NEW YORK--The “star’’ of the Public Broadcasting Service’s new weekly literacy series for children is a bit mysterious.
His name is Ghostwriter. He has been stuck in an ancient, leatherbound book for an unknown number of years. After being freed inadvertently, the shy and invisible character befriends a small band of New York City schoolchildren, helping them solve such mysteries as who is stealing students’ backpacks or who is putting up posters smearing a candidate during a school election.
As his young friends soon learn, there is only one way to communicate with this unseen ghost. Since he cannot hear or speak, he uses a student’s computer or rearranges any available letters, such as words on a chalkboard, to send messages to his six teammates.
To talk to Ghostwriter, the students must put their thoughts into writing. Thus, the show promotes both reading and writing to its target audience of 7- to 10-year-olds.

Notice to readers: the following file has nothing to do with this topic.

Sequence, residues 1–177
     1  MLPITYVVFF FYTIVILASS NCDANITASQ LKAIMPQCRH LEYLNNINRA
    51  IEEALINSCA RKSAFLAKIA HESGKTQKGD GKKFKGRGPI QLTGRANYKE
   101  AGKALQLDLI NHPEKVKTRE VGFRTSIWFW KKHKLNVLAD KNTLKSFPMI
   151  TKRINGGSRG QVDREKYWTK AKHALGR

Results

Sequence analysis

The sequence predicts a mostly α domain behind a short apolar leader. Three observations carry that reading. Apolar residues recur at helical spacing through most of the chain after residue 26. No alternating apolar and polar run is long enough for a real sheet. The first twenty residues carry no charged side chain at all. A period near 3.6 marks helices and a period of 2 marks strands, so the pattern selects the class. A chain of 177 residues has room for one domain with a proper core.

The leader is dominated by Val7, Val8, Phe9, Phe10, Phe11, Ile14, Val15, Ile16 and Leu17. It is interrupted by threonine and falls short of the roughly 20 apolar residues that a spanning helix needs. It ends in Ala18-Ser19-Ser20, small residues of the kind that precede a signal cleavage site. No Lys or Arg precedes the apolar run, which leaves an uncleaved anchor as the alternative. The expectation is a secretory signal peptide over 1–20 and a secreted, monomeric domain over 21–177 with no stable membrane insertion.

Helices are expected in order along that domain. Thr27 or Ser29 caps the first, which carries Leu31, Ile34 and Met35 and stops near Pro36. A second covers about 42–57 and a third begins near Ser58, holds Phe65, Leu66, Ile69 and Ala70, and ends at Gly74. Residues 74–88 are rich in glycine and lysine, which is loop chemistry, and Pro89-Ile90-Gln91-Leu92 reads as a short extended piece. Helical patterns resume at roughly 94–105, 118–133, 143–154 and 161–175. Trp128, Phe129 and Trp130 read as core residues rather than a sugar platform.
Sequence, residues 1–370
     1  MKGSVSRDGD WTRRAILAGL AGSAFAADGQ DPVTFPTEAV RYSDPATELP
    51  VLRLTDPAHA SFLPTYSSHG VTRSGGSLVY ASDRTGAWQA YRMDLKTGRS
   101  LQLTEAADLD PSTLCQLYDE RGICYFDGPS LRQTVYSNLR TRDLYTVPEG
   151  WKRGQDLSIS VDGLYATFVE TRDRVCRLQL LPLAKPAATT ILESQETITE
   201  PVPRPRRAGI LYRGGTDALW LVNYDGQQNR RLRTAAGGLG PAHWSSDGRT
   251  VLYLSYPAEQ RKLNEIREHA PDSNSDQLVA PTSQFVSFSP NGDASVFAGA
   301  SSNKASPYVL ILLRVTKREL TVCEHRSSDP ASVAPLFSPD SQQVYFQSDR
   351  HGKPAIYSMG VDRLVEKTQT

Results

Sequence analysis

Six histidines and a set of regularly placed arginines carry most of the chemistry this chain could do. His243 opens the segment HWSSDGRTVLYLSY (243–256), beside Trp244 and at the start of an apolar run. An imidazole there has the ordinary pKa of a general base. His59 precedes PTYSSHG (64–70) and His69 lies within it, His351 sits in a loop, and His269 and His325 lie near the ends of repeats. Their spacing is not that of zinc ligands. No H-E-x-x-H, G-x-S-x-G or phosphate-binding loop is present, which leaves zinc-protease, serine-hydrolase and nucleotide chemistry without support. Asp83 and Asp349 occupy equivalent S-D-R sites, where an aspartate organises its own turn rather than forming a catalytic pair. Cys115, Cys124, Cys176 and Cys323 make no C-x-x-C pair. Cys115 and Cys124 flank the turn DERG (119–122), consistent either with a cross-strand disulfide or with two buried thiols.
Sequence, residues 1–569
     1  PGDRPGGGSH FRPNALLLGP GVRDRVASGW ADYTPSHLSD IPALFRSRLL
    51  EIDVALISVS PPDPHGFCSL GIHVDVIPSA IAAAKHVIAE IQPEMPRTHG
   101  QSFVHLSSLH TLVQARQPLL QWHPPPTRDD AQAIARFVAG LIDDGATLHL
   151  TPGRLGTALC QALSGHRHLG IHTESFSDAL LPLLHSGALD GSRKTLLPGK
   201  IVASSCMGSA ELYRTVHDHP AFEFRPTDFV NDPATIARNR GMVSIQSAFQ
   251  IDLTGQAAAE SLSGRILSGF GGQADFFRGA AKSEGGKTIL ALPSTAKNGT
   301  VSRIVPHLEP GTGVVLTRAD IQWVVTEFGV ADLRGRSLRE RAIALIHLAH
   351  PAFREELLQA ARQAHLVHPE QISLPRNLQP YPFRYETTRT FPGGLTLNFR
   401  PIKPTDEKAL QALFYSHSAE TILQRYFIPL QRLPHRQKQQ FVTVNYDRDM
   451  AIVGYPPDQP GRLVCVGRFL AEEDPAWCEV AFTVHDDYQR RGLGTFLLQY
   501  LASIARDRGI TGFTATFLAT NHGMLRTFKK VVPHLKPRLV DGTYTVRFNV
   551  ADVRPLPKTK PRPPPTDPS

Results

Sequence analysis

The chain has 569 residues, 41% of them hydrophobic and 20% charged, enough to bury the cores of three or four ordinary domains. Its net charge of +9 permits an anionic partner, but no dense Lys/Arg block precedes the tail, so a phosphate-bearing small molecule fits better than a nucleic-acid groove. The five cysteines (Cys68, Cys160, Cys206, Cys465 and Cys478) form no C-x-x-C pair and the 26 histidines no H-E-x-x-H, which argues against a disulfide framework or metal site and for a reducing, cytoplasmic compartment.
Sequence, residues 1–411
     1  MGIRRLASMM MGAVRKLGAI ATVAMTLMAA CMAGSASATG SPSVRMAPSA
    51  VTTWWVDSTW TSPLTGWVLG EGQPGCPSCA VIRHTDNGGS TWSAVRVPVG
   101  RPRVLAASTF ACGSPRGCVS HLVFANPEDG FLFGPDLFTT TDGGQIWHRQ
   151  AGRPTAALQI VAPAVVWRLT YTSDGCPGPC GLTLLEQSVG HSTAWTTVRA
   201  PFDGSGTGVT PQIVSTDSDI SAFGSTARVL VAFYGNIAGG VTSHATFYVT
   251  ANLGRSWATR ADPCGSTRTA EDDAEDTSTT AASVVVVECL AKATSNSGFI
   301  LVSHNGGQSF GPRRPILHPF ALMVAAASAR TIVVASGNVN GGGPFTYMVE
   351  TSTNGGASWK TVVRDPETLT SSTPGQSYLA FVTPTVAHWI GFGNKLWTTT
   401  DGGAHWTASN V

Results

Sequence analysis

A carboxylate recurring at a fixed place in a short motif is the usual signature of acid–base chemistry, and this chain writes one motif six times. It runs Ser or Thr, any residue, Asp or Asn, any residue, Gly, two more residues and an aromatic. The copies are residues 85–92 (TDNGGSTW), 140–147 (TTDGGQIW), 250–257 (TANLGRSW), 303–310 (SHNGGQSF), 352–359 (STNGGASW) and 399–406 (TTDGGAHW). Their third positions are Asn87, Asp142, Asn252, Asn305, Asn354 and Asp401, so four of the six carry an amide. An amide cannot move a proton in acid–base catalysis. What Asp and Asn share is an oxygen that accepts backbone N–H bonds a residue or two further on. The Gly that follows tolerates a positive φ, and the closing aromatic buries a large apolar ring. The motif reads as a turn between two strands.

“Ghostwriter,’' described as one of the most ambitious educational-television shows to debut in years, premieres Oct. 4 at 6 P.M. on PBS. The show will also get an unusual early debut on a commercial network. Fox Television will show a half-hour version of the premiere on Oct. 3.
The show is the newest educational series from the Children’s Television Workshop, the producer of such children’s shows as “Sesame Street,’' “The Electric Company,’' and “Square One TV.’'
“The shows are exciting,’' Liz Nealon, the executive producer of “Ghostwriter,’' said of the new program. “I think they have an emotional core that has to do with the relationship between the six kids and Ghostwriter.’'
Blending Education and Plot
Each full mystery tale is handled in four or five half-hour episodes. (The PBS premiere includes the first two half-hour episodes. Most stations will repeat one half-hour show each week before airing the new episode.)
The first five episodes introduce Ghostwriter and four of the six members of his mystery-solving team. The caper involves a string of backpack robberies by a gang of masked bullies, the THABTOS, who leave behind coded messages that eventually lead to their capture.
As with most C.T.W. projects, the cast is a multicultural rainbow, the shows are sprinkled with positive social messages, and the educational elements are blended into the plot.